• DaveWagner_980w550h

    CT Chapter 2015 Annual Meeting

    Dr. Wagner, one of the world’s foremost experts on Lepidoptera, will be talking about The Ecological Meltdown of American Chestnut: A Glimpse at the Little Ones that Got Left Behind and What Still Might Be. Dr. Wagner is Professor of Ecology and Evolutionary Biology at the University of Connecticut. His lecture is just one of […]

  • Work party at David Bingham's back-cross orchard.

    Siting Seed Orchards

    We need new locations for seed-orchards, and we’re looking for partners.

  • Gale Kida has captured the beauty of a flowering American chestnut in the wonderful photo.  The showy male inflorescence dwarfs the smaller female flower

    Why is Chestnut Important?

    What makes American chestnut so special?

  • Sunlight shines through the leaves of a native American chestnut in bloom on Ratlum Road in Northwestern, CT

    How Can I Contribute?

    It is easier than you might think to make a contribution!

Recent News

Norcross Seed Orchard Site

Norcross Seed Orchard Site

By Bill Adamsen

CT-TACF Board Member Jim Gage participates in several Forestry related forums - the Mass/Conn Sustainable Forest Partnership and the NEFF - both of which have been hosted at the Norcross Wildlife Sanctuary in Wales, Massachusetts. At one of the meetings, Jim and Dan Donahue - active on the Mass/Conn Steering Committee, and Dire[...]

Report of the Nominating Committee

Report of the Nominating Committee

CT-TACF Nominating Committee members John Baker (Chair), Woods Sinclair and Bill Adamsen are recommending the following slate of candidates for Board membership and for Chapter Officers:

Nominees for Board membership
Under the revised bylaws, as many as 10 Board members can be elected each year.

Five current Board members have terms expirin[...]

CT Chapter 2015 Annual Meeting

CT Chapter 2015 Annual Meeting

Dr. Wagner, one of the world's foremost experts on Lepidoptera, will be talking about The Ecological Meltdown of American Chestnut: A Glimpse at the Little Ones that Got Left Behind and What Still Might Be. Dr. Wagner is Professor of Ecology and Evolutionary Biology at the University of Connecticut. His lecture is just one of the reasons to atten[...]
Feast on Art

Feast on Art

American Chestnut: Lecture and Educational Tasting
C A N C E L E D   D U E   T O   I N C L E M E N T   W E A T H E R
(to be be rescheduled for later this spring.)
With Steve Conaway of The American Chestnut Foundation, and a Culinary Demonstration and Tasting with Chef Silvia Baldini an[...]
Lawrence Lloyd Inman

Lawrence Lloyd Inman

Lawrence Inman, PhD

Dr. Lawrence Lloyd Inman passed away in September of last year in Phoenix, Arizona at the age of 94.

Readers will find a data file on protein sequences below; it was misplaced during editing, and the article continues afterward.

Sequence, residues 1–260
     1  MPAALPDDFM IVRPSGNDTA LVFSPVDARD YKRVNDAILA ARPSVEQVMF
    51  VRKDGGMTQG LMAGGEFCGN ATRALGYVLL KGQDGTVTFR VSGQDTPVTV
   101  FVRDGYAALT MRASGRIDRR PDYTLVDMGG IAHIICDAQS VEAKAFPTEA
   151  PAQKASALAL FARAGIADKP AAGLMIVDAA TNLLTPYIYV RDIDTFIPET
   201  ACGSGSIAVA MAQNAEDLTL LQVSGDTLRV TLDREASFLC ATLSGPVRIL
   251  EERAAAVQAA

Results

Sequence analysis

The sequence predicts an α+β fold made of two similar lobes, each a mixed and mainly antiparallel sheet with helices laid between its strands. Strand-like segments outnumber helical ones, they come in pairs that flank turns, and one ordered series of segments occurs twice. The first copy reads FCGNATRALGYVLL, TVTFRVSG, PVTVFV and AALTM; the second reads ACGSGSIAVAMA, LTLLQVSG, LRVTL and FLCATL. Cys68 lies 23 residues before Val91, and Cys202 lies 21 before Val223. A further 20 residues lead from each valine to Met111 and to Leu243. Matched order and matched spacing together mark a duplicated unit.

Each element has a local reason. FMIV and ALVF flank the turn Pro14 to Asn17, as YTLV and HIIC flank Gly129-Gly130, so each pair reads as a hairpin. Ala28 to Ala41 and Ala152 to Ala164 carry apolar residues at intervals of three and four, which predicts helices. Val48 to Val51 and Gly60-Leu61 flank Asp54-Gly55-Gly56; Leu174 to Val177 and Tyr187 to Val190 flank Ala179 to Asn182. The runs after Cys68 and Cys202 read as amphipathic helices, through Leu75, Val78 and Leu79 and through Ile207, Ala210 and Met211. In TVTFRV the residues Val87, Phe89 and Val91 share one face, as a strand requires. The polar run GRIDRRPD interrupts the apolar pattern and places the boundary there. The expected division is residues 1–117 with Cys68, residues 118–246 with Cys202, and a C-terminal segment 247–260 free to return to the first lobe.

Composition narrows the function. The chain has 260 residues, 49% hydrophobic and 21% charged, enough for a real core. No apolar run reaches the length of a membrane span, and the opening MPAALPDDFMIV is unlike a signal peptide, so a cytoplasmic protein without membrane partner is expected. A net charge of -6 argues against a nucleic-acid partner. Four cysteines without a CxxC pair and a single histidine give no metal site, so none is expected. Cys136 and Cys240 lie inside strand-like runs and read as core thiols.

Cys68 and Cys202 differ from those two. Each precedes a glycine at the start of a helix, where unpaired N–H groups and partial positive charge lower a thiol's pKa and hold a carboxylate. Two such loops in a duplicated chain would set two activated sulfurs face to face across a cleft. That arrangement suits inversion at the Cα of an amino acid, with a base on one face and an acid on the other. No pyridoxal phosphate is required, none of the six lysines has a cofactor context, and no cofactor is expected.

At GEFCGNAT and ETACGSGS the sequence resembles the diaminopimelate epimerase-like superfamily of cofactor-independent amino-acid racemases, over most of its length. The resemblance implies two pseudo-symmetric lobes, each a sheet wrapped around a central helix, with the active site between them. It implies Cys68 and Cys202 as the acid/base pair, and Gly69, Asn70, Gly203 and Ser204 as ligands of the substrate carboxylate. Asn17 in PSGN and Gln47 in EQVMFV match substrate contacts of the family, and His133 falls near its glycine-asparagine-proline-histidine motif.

Dr. Inman is well remembered amoung members and staff of the American Chestnut Foundation. In the early 1980's, Dr. Charles Burnham, under whom Lawrence Inman had pursued his PhD in Genetics, sent Lawrence to Co[...]

American Chestnut seedlings at The Greenwich Land Trust

American Chestnut seedlings at The Greenwich Land Trust

GREENWICH, CT – On Saturday, November 15th, 75 volunteers planted nearly 400 American Chestnut seedlings at The Greenwich Land Trust’s American Chestnut Sanctuary.

The Greenwich Land Trust (GLT) partnered with The American Chestnut Foundation and the Greenwich Tree Conservancy on this project which reintroduced a once dominant tree of Eastern U[...]

Siting Seed Orchards

Siting Seed Orchards

We need new locations for seed-orchards, and we're looking for partners.

Seed orchards are the next major phase of the breeding program and we are actively pursuing locations that could support the seed orchards. A seed orchard is the required next step in producing trees for reforestation in CT that have 50% of their DNA from persisting native[...]

Why is Chestnut Important?

Why is Chestnut Important?

What makes American chestnut so special?

The American chestnut was once one of the most important trees in our eastern hardwood forests. It ranged from Maine to Georgia, and west to the prairies of Indiana and Illinois. It grew mixed with other species, often making up 25 percent of the hardwood forest. In the virgin forests of the Appalac[...]

How Can I Contribute?

How Can I Contribute?

It is easier than you might think to make a contribution!

Looking to learn more and be a part of what we are doing? Everyone likes to be involved at different levels and we have many different ways that you can contribute to our mission. Whether you are just learning about the American chestnut or have been a passionate follower for years,[...]

2014-Annual-Meeting

2014-Annual-Meeting

Saturday April 19th we'll be hosting the annual meeting of the CT Chapter of The American Chestnut Foundation at Bowers Auditorium, Sage Hall, Yale University in New Haven, CT. We have interesting presenters and a fantastic venue - and hope you'll mark you calendar and join us. Should you decide to join, Please RSVP by calling Kendra Gurney at 802.[...]